Baden Powell och Vinícius de Morães: Os Afro-Sambas (1966)
The eloquent poetry of Vinícius de Morães meets the finely tuned music of Baden Powell, one of the most respected guitarists and composers of his generation. The theme of the album is the sound of Afro-Brazilian music from the state of Bahia.
Maria Bethânia: Canta Noel Rosa (1966)
A young Maria Bethânia, on of the most unique singers of Brazilian music, presents what is arguably the most beautiful interpretations ever of the music of the famous 1930's poet and composer Noel Rosa.
Baden Powell: Tristeza on Guitar (1966)
One of the most beautiful albums of composer/guitarist Baden Powell. As close to musical perfection as one can possibly get.
Roberto Carlos: Roberto Carlos (1966)
The most celebrated artist of the Jovem Guarda movement at the creative hight of his career, performs excellent pop songs, as Namorada de um amigo meu and Apaixonado por você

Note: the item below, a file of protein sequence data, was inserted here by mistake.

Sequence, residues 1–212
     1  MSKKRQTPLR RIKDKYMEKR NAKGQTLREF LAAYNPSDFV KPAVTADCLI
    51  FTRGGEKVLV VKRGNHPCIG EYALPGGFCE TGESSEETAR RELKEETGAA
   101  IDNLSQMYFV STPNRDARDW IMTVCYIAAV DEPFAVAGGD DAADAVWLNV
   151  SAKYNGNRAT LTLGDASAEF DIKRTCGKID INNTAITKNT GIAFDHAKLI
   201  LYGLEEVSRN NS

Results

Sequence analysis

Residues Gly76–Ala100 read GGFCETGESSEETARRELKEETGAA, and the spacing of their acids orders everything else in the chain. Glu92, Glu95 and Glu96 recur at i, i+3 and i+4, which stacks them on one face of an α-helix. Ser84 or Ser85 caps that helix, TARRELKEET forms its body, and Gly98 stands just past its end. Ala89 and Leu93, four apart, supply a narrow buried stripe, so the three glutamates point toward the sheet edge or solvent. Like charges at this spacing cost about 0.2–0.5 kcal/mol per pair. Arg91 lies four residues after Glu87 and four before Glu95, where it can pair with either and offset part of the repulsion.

Chico Buarque: Chico Buarque de Hollanda (1966)
The debut album of Chico Buarque was an instant timeless classic, with samba, bossa nova and marchinhas paired with the young Buarque's already poetic lyrics.
Tom Jobim: Wave (1967)
The most easily accessible and perhaps the most brilliant album in the career of renowned composer Tom Jobim.
Caetano Veloso: Caetano Veloso (1968)
The solo debut of one of the great geniouses of Brazilian music and also the beginning of the tropicalist movement, and, as such, one of the milestones of Brazilian music. The album contains tropicalist classics such as Alegria, alegria, Tropicália and Soy loco por ti América.
Caetano Veloso, Gal Costa, Gilberto Gil, Nara Leão, Os Mutantes and Tom Zé: Tropicália ou Panis et Circenses (1968)
A very controversial album at the time of its release,
which Tropicália ou Panis et Circenses features all the frontfigures of the tropicalist movement, which revolutionized Brazilian music in the late 1960's with their unique sound.